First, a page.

Send to

Choose Destination
See comment in PubMed Commons below
Oncogene. 2012 May 31;31(22):2738-49. doi: 10.1038/onc.2011.454. Epub 2011 Oct 10.

2-deoxyglucose-induced toxicity is regulated by Bcl-2 family members and is enhanced by antagonizing Bcl-2 in lymphoma cell lines.

Author information

Department of Pathology, University of Iowa, Iowa City, IA 52242, USA.


Targeting altered cancer cell metabolism with the glycolysis inhibitor, 2-deoxyglucose (2DG), is a viable therapeutic strategy, but the effects of 2DG on lymphoma cells and the mechanism of action are unknown. Five T-cell lymphoma lines and two B-cell lymphoma lines were shown to be highly sensitive to 2DG. Examination of the cell death pathway demonstrated pro-apoptotic protein Bax 'activation' and caspase cleavage in 2DG-treated cells. However, Q-VD-OPh, a potent inhibitor of caspase activity provided minimal protection from death. In contrast, overexpressing the anti-apoptotic protein Bcl-2 dramatically enhanced the survival of 2DG-treated cells that was negated by a Bcl-2 antagonist. BH3-only members, Bim and Bmf, were upregulated by 2DG, and shRNAs targeting Bim protected from 2DG toxicity demonstrating that Bim is a critical mediator of 2DG toxicity. 2DG also induced GADD153/CHOP expression, a marker of endoplasmic reticulum (ER) stress and a known activator of Bim. Mannose, a reagent known to alleviate ER stress, transiently protected from 2DG-induced cell death. Examination of the effects of 2DG on energy metabolism showed a drop in ATP levels by 30 min that was not affected by either Bcl-2 or mannose. These results demonstrate that ER stress appears to be rate limiting in 2DG-induced cell death in lymphoma cells, and this cell killing is regulated by the Bcl-2 family of proteins. Bcl-2 inhibition combined with 2DG may be an effective therapeutic strategy for lymphoma.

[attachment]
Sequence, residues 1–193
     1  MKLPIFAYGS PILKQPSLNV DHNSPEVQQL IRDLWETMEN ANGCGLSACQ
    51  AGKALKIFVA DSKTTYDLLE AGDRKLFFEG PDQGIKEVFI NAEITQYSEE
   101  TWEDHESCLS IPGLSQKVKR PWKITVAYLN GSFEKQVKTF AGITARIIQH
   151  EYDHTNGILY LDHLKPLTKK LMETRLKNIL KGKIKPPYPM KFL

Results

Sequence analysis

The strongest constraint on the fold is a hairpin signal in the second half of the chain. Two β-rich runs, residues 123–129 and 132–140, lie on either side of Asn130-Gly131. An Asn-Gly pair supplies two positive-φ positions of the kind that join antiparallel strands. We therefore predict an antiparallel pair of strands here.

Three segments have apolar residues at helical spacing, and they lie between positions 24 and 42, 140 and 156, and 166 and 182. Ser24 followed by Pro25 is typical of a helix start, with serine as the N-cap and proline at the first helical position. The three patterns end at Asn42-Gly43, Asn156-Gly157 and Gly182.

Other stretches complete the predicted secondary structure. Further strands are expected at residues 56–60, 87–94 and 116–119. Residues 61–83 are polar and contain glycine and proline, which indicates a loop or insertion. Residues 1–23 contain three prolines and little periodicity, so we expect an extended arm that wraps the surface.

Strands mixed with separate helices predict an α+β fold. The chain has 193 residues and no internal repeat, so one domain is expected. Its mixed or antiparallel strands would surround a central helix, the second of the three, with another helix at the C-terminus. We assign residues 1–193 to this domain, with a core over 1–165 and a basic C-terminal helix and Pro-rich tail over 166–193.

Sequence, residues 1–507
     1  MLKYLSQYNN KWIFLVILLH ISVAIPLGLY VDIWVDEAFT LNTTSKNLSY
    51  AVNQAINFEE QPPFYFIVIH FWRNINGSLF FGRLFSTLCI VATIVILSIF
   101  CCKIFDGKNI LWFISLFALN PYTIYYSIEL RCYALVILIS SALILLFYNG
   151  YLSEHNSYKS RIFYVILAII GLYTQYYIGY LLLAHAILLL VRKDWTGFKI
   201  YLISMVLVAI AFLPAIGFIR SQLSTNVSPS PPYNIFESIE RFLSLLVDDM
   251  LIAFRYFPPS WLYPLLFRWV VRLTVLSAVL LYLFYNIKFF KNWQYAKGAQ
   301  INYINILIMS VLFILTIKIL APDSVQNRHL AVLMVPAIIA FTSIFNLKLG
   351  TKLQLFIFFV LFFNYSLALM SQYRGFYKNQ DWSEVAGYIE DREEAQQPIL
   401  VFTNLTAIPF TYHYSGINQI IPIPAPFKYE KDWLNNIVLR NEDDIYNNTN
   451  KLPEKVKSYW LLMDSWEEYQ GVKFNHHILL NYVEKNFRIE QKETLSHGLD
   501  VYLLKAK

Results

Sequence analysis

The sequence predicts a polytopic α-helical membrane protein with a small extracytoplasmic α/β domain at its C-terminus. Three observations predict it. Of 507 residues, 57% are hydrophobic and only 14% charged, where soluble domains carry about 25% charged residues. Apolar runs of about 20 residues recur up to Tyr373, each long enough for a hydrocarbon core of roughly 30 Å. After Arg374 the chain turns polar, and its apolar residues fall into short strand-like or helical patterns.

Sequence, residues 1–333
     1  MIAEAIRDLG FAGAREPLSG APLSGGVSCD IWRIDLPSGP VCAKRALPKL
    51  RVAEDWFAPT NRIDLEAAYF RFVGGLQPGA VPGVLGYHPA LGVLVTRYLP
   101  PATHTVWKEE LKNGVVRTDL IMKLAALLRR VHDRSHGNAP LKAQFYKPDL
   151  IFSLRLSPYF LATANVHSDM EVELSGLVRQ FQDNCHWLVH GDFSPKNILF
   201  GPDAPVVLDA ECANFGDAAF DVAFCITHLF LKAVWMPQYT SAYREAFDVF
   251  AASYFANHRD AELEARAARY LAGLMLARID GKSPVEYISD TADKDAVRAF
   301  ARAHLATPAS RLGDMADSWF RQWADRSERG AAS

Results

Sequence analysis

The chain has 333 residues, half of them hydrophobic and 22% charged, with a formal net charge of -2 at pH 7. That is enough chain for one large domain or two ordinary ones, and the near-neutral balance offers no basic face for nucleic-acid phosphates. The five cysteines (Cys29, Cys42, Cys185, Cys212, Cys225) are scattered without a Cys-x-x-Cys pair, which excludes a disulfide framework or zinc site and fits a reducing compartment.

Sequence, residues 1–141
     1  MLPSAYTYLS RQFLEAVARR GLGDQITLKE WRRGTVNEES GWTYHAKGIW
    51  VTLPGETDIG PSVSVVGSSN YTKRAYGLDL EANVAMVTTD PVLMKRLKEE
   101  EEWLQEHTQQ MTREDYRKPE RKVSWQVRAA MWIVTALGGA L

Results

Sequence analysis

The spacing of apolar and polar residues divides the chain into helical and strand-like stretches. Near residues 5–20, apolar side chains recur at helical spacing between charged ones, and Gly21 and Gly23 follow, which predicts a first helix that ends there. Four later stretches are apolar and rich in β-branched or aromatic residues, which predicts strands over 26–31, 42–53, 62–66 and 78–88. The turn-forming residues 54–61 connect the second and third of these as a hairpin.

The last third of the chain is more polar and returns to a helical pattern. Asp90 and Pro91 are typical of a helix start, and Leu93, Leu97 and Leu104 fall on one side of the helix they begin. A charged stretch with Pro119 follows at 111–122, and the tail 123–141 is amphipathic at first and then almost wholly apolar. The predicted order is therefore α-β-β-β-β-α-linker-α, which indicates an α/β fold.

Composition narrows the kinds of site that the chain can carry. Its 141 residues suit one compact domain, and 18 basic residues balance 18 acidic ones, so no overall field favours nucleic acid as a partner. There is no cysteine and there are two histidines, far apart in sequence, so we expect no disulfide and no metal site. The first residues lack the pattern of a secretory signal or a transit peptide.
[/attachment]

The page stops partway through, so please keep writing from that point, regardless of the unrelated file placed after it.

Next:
[Indexed for MEDLINE]
Free PMC Article

Publication type, MeSH terms, Substances, Grant support

Publication type

MeSH terms


Grant support

PubMed Commons home

PubMed Commons

How to join PubMed Commons

    Supplemental Content

    Full text links

    Icon for Nature Publishing Group Icon for PubMed Central
    Loading ...
    Support Center